The genealogies of I Chronicles present an overview of Israel’s history. The first nine chapters are filled with genealogies that trace the lineages of people from Adam to the exile in Babylon. Saul’s death is recorded in chapter 10. Chapter 11 begins the history of David’s reign.
I Chronicles was written after the Jews returned to Jerusalem around 538 B.C. from exile in Babylon. This was the result of a decree of Cyrus, king of Persia, who authorized the return.
This book was written from a priestly point of view and emphasizes the religious history of Judah and Israel. The northern kingdom is virtually ignored, David’s triumphs-not his sins-are recalled, and the temple is given great prominence as the vital center for worship.
Though not specifically named in the book, Ezra has been assumed to be the author.
The purpose of the book is to trace the Davidic line and to teach that genuine worship needs to be the center of both individual and national life.
The author evidently compiled the Chronicles to emphasize the importance of social and religious purity, and the place of the law, the temple, and the priesthood. It is apparent that he purposed not only to write history, but also to teach doctrinal and moral truth.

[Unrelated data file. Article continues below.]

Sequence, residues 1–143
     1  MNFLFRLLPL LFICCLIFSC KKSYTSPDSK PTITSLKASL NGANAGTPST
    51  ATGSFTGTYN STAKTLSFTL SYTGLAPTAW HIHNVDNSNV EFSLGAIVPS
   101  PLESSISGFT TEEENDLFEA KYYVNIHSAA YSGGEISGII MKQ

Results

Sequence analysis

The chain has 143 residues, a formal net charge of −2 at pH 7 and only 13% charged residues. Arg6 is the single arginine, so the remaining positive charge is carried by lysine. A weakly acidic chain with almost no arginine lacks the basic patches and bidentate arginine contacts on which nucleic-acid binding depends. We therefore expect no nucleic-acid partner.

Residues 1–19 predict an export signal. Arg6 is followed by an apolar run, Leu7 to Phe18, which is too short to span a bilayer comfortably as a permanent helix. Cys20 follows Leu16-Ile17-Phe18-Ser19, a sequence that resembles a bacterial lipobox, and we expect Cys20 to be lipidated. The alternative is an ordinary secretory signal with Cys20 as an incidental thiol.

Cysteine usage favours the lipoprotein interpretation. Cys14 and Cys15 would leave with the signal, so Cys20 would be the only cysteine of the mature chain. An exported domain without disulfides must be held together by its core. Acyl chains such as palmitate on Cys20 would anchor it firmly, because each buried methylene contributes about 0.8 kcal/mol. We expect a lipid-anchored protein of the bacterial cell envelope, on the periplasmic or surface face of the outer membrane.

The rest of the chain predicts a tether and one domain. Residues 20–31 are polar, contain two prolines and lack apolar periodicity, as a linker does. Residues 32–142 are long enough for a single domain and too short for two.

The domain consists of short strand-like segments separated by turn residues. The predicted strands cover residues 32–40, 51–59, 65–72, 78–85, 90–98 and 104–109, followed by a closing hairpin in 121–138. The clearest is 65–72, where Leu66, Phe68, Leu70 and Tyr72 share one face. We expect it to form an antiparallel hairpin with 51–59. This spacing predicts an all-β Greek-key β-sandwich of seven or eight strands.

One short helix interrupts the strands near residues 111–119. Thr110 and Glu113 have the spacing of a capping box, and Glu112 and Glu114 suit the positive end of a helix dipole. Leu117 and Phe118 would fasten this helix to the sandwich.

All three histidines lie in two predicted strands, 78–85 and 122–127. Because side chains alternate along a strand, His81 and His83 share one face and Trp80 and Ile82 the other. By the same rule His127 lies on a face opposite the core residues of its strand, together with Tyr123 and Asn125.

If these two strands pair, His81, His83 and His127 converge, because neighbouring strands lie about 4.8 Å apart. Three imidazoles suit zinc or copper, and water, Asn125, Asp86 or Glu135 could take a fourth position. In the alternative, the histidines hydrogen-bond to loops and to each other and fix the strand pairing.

It seems that the writer was not writing a complete history of Israel but presumed his readers’ knowledge of the books of Samuel and Kings. If Chronicles were read by itself, it would give an unbalanced picture of Israelite history.
I Chronicles is also an invaluable supplement to II Samuel and a strong reminder for tracing our roots and rediscovering our foundation. It is good to trace our own godly heritage, thank God for our spiritual forefathers, and recommit ourselves to passing on God’s truth to the next generation.
David loved the Lord and wanted to build a temple to replace the tabernacle, but God denied his request. David’s greatest contribution to the temple was not the construction but the preparation.